(I’m gonna go out on a blasphemous limb here…)
Rating: 3 stars
I admit that The Road was the novel by McCarthy that most suggested I read. I’m a sucker for a great adventure and even moreso for tales of a parent’s undying love and courage for a child, but I refrained because the commercials for the film version of the tale made me most certain I’d spend half the movie in tears, and probably carry the down dip in mood from the book for weeks. Yet, here I am on the ass end of No Country for Old Men and a part of me wonders if McCarthy he could really gut me as a reader.
Cormac McCarthy is a master, to be sure. He uses simple language, is concise and to the point with the precision of Hemingway in some cases (though he could have brought his word count down by thousands if he’d just cut two thirds of the times he used the words ”And put it in his pocket.” Seriously, it was excessive) and his story telling can be both engaging and tense.
No Country is the story of a Texas Sheriff investigating the killing spree of a killer who fancies himself an act of fate, deciding who lives or dies with simply who he crosses paths with, or if they’re lucky, the flip of a coin. In amongst this clusterfuck is Llewelyn Moss, a regular joe who came upon some serious loot while out hunting. As a result, Moss becomes our hero and the intended prey of said lunatic, Anton Chigurh. We are given glimpses into each of these men, in the moments when Moss is hiding from the spotlight of a pickup truck on a rocky hillside, to the moments when Chigurh flips a coin and demands an innocent man calls heads or tails, but refuses to tell him what he wins or loses in the toss.
McCarthy utilizes his changes in perspective several times in the story, in a manner that some might find infuriating. He uses it to create a psychic distance from events that, in many cases, we’ve been waiting the entire book for. This writing choice leaves the reader to fill in their own blanks. We get to see characters up close and personal, chatting about life, goals, their past, then McCarthy cuts to the perspective of Bell, the main protagonist and Sheriff who is following the killing spree of the sociopathic Anton Chigurh through Texas, and we get to see Bell arrive upon the scene where those very characters we were just sitting with were gunned down on a sunny afternoon. Some might feel robbed by that transfer of perspective, but I actually loved it. Suddenly I was hearing the news like anyone else, I was allowed to imagine how it went down. Some might call it lazy writing, but man did it work for me. In reading it, I recognize my own tendency to utilize it and hope only to use it well in my own writing.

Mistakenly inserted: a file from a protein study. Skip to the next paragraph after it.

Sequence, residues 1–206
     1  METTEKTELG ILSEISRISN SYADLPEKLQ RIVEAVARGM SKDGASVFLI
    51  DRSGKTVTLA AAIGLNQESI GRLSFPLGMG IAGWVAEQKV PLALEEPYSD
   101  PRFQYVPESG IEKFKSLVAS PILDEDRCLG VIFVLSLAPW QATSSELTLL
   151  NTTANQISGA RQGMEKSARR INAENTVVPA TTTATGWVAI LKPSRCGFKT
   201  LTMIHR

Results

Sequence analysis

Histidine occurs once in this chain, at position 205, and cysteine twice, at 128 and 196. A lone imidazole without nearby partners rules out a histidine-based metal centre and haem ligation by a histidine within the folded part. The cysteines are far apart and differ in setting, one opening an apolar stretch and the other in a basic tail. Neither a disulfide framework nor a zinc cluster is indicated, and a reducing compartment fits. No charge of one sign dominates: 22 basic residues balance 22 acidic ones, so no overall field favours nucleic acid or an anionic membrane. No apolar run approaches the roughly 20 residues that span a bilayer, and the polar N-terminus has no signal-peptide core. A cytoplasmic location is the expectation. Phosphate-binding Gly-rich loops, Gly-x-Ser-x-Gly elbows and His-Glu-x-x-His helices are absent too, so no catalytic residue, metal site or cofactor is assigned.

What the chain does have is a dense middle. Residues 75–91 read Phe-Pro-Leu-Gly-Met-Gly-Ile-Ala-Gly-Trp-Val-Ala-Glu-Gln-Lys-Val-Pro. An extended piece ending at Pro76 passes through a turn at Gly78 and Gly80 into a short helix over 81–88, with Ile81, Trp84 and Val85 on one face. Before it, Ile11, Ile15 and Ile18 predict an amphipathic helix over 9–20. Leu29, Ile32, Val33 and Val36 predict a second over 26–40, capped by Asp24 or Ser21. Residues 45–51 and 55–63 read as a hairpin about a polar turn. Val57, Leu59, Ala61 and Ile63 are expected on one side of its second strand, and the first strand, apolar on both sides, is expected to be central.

Sadly though, here’s why McCarthy got three stars from me. He’s a modern master, as they say – an older gentlemen with precise writing and storytelling skill. If I were to psychoanalyze him by the writing of this novel, I would say he had reached a very introspective point in his life of both reminiscence and nostalgia and was getting lost in his own world a bit more often than the story needed. McCarthy utilized Bell as a sort of conscience layered over the tale of Chigurh and Moss, but in doing so, he allowed Bell to have monologues of his life experience as a Sheriff at the beginning of each section. Some of these were grand, hearing tales of long past murders and crimes as seen from the perspective of the poor bastard who arrives after the carnage to poke and pick at it to try to make sense. Yet McCarthy let Bell get away from him, hardcore. The last two hours worth of reading were all from Bell’s perspective – rambling to an uncle about World War II, chatting with his wife about retiring. The World War II story would have been grand at any other time in the book, and if it was an hour shorter. McCarthy allowed the main arc of his tale to end, then dragged us through Bell’s introspective life analysis until he’d beaten that dead horse back to life, then killed it again.
By the time he said the line “And that’s another thing I haven’t talked much about my father or done him justice,” I almost groaned. It was like sitting with a Grandfather who retells the same stories over and over, with the same pinache he did the first time, even after you inform him that he’s already told you this story. I was surprised that his editor didn’t have him rein it in a bit, but I guess when you’re considered a ‘modern master,’ perhaps they let you get away with a bit of rambling.
All in all, a fantastic lesson in well written prose, as well as a lesson in self indulgent writing toward the end there. Think I might actually watch the movie now.